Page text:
The Era of Videoconferencing on Smartphones and Tablets is Here

Just a year ago, videoconferencing on a smartphone or tablet computer seemed a vaguely futuristic concept. Fast-forward to summer 2010. Suddenly, in the wake of new and upcoming products such as Apple's FaceTime app on the iPhone 4 and Cisco's Cius tablet--the era of ultra-mobile videoconferencing has arrived.

Videoconferencing has been available for years on laptops and, more recently, netbooks. But "the stars have aligned to make extremely mobile videoconferencing a reality now," says Ira Weinstein, senior analyst and partner for Wainhouse Research, a rich media and collaboration research firm. "The 4G and, to some extent, 3G networks are just now able to support videoconferencing. And the mobile devices, especially those with 1GHZ processors such as the HTC Evo 4G smartphone, are now powerful enough to provide the experience."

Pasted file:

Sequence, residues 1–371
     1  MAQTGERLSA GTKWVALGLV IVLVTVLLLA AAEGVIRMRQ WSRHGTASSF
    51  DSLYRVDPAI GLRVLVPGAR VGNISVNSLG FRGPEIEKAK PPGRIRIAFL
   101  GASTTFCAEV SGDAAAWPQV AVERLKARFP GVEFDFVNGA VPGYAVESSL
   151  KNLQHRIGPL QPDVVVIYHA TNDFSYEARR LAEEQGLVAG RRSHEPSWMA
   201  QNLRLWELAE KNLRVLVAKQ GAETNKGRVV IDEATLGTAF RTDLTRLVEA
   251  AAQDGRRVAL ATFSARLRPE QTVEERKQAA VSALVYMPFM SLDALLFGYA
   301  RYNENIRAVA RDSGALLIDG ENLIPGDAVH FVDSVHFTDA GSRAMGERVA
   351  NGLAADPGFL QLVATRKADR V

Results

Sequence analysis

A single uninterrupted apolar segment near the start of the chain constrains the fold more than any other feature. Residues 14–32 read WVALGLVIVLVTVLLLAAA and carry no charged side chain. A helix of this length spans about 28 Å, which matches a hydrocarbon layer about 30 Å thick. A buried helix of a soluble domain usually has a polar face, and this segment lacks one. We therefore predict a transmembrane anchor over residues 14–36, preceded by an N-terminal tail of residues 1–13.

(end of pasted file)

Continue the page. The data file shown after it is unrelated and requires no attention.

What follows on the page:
Videoconferencing on smartphones and tablets makes a lot of sense for enterprise users, Weinstein says. "Communications have to go where you go, not the other way around. If you're waiting in an airport lounge, or you're at your son's baseball game, and you need to be a video call, it makes sense to make the call using the device you have with you--your smartphone or your tablet."

Most enterprises are "in the early adopter/proof of concept period" at the moment, Weinstein says. They're either just talking about deploying videoconferencing systems on smartphones or tablets or they're testing them before rolling them out to their user base. The network, the devices, and the videoconferencing software are only going to improve in the next 12 to 18 months, he notes, spurring widespread adoption.

Damaka: Multi-Party Videoconferencing on Multiple Devices